What is the Purpose of Saliva?

 In FAQs

If you’ve ever experienced “dry-mouth” or have ever been so thirsty that your tongue feels like sandpaper, then you know the importance of saliva. It is that watery substance that keeps our mouths moist and our throats lubricated.

Saliva is comprised mostly of water, though also contains trace amount of other compounds like electrolytes, mucus, and other enzymes. It is the non-water portions of saliva that make it so important to oral health. As saliva washes over our teeth, these enzymes break down any remaining food particles, and further strengthen enamel with its fluoride content.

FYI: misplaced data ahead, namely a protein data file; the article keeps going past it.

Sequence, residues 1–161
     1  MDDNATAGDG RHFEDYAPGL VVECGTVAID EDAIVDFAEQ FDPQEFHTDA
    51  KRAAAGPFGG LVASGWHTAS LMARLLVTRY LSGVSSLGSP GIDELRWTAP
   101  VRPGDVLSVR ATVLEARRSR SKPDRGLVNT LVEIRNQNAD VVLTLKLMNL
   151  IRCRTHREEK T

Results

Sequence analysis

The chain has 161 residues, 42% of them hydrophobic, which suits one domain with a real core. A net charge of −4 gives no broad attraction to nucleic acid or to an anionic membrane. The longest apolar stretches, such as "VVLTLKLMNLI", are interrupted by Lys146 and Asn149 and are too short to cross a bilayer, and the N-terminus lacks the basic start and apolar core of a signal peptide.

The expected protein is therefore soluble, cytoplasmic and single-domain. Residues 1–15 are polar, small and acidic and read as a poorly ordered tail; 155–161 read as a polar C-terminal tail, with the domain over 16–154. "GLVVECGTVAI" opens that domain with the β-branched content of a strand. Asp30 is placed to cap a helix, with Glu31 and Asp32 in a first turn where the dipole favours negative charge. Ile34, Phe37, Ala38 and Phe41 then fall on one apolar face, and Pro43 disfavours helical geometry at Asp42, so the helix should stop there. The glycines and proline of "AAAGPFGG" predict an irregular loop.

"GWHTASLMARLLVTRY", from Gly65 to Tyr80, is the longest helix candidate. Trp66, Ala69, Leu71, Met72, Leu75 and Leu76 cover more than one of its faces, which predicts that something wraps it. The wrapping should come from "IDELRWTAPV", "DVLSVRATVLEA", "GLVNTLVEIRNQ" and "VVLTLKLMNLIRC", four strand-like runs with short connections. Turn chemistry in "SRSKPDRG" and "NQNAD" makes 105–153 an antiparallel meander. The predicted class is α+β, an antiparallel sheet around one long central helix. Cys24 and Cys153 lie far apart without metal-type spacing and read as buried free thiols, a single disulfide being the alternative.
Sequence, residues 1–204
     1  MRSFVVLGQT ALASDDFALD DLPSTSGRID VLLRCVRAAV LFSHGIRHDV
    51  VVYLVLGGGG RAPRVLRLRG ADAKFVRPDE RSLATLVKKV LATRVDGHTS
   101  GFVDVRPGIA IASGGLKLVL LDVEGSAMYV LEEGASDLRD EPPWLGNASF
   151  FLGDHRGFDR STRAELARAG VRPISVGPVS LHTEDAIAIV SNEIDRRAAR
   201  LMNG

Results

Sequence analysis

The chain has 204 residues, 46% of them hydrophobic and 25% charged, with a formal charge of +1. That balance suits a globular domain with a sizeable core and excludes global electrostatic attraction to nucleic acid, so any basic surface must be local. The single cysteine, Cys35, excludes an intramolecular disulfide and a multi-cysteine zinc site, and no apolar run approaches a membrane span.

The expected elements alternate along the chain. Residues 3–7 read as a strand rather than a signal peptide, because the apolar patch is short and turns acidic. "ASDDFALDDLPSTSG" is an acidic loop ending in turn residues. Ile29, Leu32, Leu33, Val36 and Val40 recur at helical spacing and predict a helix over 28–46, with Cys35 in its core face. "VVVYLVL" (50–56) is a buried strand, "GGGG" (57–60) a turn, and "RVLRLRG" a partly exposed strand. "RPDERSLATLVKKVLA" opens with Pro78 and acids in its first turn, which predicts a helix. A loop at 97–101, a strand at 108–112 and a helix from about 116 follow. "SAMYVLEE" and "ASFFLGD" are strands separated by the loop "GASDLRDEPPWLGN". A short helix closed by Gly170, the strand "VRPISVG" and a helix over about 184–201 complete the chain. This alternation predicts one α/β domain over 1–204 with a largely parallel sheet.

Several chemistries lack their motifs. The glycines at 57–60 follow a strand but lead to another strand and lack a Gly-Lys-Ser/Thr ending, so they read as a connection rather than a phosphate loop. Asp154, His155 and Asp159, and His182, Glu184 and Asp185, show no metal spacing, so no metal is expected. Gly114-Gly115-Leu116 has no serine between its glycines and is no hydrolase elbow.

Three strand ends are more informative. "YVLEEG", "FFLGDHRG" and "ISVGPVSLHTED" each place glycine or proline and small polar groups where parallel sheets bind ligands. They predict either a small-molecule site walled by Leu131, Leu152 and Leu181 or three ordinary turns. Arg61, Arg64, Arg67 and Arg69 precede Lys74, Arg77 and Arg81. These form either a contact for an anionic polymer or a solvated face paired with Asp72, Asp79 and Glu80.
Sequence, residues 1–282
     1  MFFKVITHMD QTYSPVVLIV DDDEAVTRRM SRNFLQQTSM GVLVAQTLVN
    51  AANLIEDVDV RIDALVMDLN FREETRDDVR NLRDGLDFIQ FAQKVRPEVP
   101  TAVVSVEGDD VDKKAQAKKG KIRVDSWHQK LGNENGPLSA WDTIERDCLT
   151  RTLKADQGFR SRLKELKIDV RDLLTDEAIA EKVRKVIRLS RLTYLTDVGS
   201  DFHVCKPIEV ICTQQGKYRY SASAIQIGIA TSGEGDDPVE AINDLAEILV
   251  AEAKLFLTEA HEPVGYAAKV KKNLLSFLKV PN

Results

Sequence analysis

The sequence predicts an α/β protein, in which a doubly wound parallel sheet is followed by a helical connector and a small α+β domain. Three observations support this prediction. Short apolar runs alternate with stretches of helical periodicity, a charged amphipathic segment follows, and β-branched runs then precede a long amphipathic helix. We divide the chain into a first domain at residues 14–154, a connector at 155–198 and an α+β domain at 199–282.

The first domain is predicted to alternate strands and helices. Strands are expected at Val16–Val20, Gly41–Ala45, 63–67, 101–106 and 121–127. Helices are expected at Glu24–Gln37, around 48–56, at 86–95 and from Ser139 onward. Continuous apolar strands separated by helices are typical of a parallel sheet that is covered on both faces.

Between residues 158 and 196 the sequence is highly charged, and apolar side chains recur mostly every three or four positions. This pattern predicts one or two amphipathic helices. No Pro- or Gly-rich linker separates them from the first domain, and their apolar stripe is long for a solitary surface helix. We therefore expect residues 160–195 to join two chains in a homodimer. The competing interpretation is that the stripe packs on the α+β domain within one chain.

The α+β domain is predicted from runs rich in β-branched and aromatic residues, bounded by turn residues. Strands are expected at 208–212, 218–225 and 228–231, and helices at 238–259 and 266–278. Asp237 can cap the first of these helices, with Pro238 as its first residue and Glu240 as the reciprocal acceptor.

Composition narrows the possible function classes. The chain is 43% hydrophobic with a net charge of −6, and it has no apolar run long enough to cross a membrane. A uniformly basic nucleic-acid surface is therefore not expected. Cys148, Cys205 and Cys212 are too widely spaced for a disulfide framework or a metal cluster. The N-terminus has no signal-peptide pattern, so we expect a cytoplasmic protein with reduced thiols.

Certain medications will induce “dry mouth” or “cotton mouth” creating a higher likelihood for weakened enamel. For this reason it is important to maintain adequate water consumption when taking this medication and to brush often.

In addition to aiding in oral health, saliva also plays a major role in digestion. As food particles are chewed, they are also broken down further by saliva. Once food is small enough to safely swallow, saliva helps push it down into the stomach to then be digested. Without saliva, the process of swallowing might be extremely painful and dangerous.

So, the next time you’re about to eat, be aware of the amount of saliva present in your mouth. In addition, be sure to brush and floss twice a day, but feel confident that saliva is also protecting your teeth from the sugars and bacteria in the foods you eat.

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